The term Instant messenger took shape in the 1990s with the likes of MSN and Yahoo Messenger, and since then, social networking sites such as Facebook have developed their own instant messenger service.
But what makes an IM service different to email? It's instant. We can see when someone has read our messages, and we can see when they're composing them. Unlike emailing, which is reminiscent of physical letters (and mailing!) IM breaks down the barriers of formality.
The advantage of messages being sent and received instantly means that we can talk closer to how we would in real life. IM can adopt a chatty, informal tone.
How does this happen? You might find yourself using filler words, like, um, more than you usually would. You might forego full stops, and in place hit 'send' each time you finish a thought or, like, take a breath
As if you were talking aloud
So that you're not sending huge messages
And so the other person can, like, talk too
But how just real-time can we get? Whilst still demanding quick responses, IM is unlike phone or video - or real -- conversations in that responding to someone immediately so as not to offend them is not a huge priority. We can hide behind our screens; we don't have to give someone our full attention.
And since we are behind screens, we limit our extent to communicate. The other person can't see you laughing, or crying and can't hear how your voice sounds if you're upset.
You must have typed 'lol' to someone before. This informal abbreviation most commonly stands for 'laugh out loud' and can show someone that you, behind your screen, are laughing out loud - or that something is just funny.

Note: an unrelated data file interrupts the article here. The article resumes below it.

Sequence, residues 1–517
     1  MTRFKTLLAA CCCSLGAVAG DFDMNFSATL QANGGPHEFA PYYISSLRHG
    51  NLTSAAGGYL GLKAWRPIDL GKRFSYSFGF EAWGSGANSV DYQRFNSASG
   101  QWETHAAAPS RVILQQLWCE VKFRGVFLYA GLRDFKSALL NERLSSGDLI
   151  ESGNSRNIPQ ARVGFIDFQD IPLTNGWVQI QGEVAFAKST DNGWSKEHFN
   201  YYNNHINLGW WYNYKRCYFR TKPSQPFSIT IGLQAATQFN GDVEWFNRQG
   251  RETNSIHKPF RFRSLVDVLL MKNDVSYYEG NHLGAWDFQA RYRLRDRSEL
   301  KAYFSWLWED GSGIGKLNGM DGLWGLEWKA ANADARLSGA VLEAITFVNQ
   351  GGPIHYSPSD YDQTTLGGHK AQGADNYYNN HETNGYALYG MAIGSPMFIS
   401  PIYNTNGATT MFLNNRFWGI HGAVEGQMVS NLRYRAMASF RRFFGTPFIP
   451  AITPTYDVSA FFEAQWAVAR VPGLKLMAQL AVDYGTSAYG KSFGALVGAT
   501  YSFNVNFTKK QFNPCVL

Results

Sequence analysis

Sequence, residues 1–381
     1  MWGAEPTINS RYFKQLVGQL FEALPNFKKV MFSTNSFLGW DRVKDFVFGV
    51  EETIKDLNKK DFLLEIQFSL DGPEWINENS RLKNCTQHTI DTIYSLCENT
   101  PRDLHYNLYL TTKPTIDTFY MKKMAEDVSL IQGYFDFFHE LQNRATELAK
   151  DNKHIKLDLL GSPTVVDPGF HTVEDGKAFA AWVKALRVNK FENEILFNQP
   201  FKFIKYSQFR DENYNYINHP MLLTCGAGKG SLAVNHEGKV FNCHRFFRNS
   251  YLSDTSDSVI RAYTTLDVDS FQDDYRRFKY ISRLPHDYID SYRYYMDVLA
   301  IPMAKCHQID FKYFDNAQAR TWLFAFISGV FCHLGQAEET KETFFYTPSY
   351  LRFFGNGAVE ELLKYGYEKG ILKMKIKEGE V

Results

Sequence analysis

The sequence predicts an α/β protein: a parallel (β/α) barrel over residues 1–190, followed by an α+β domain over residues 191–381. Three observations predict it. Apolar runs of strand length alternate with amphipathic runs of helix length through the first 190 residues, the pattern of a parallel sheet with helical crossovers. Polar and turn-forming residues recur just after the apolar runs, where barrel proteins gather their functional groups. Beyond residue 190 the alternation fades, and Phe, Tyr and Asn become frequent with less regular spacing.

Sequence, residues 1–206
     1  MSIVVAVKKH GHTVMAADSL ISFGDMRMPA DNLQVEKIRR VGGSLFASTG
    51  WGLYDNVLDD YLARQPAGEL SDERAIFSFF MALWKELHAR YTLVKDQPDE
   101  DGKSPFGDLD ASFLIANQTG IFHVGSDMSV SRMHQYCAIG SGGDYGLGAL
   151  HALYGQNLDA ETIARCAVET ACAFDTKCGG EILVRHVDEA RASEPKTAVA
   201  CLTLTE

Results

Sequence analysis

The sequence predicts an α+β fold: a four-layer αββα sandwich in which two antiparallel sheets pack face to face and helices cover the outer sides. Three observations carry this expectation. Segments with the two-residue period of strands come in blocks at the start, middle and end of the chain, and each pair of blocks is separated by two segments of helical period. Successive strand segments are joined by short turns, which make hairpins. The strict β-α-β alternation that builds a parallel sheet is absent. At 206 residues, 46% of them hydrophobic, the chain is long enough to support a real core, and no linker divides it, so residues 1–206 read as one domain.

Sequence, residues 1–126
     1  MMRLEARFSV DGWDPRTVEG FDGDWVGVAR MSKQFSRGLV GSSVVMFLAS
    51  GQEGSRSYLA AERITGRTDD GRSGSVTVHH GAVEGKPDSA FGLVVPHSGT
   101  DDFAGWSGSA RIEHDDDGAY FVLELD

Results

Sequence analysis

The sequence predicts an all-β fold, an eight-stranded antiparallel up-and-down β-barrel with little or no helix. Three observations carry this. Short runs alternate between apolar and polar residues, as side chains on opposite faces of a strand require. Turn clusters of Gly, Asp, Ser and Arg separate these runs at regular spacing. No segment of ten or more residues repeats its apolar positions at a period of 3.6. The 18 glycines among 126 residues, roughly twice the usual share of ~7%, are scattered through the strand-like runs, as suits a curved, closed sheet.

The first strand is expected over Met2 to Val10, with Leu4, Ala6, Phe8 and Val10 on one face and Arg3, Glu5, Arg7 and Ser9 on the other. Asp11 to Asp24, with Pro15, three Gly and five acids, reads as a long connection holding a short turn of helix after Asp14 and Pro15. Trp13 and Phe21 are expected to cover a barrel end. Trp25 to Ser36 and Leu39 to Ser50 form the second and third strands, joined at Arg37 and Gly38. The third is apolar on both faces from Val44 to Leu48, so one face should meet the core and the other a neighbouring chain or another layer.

And how can we show someone that we're upset? Full stops have adopted a different usage to their regular function of ending a sentence. When line breaks are used to separate pieces of conversation, full stops are used less for their original purpose. But why? Perhaps their feeling of finality shows that someone doesn't want to speak.
Like seriously. They're fine. Really.
Perhaps the most powerful way of conveying how we feel is with pictures, and IM services are fully aware of this. Emoticons - small pictures of facial expressions created by a combination of characters - have been present since the days of MSN. For example, a colon followed by a closed parenthesis resembles a smiling face.
See? Technology is always growing, however, and the rise of the emoji has taken precedence: a huge selection of ideograms including facial expressions, technology and food. This larger number of expressions allows us to capture each nuance, each particular feeling with a picture rather than a sentence explaining how we feel.
It's more instant, and a picture speaks a thousand words. Maybe. I guess.
Explore the ways we present ourselves online, and how we communicate in the digital age as part of our current exhibition, Follow.